Adequate cash flow and cash on hand can help cushion you by providing strength in negotiations. Keeping your customers close and increasing your marketing efforts can help stimulate the pipeline of new work. This is also a good time to get back to the basics and attend to critical project factors like accurate estimating and aggressive quality control. Do whatever you can to make your business stand out so that you gain a competitive advantage. It will serve you well when competition heats up.
However, you should also look for opportunities in work slowdowns. For one, it’s a chance to catch your breath and do a reality check on your business plan. Times change, and you need to reassess if your business plan reflects new realities. It’s also a good time to consider ways you can streamline your operations and improve business fundamentals. If you’ve been looking for a chance to diversify, this is the time to do it. Especially, if your primary sector is more vulnerable to disruption.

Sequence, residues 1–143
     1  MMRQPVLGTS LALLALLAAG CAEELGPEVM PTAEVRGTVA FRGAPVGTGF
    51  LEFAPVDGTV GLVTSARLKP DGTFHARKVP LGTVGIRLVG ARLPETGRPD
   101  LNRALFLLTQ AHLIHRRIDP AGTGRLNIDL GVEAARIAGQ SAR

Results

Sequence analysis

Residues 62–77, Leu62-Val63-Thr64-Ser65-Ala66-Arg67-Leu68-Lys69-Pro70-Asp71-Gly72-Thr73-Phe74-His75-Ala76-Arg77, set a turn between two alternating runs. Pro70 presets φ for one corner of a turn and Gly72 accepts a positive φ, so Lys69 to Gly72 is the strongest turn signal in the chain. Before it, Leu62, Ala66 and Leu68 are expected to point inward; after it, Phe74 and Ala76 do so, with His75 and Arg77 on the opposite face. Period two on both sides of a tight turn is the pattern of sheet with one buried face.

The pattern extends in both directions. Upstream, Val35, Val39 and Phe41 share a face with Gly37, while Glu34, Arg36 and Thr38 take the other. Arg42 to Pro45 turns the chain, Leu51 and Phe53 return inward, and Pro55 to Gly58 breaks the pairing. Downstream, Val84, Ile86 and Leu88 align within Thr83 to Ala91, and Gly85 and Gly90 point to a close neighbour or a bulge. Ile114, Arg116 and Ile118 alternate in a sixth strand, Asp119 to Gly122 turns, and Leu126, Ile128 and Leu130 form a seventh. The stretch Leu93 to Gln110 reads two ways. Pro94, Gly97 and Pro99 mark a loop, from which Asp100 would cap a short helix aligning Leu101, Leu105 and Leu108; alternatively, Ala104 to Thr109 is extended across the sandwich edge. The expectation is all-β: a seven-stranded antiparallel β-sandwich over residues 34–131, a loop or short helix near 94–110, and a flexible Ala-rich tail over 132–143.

More of the Same on Labor
Construction’s labor problems are perennial, and, according to most sources, shortages will continue way beyond 2018. While the shortage of people is one thing, the ongoing shortage of certain skills poses extra challenges. Carpenters, electricians, and equipment operators top the list of skills in demand, while finding enough general laborers is a continuing problem for both general and specialty contractors. It’s the pipeline of available recruits that’s the problem, so many contractors must work hard to keep the people they have while following other strategies to attract talent.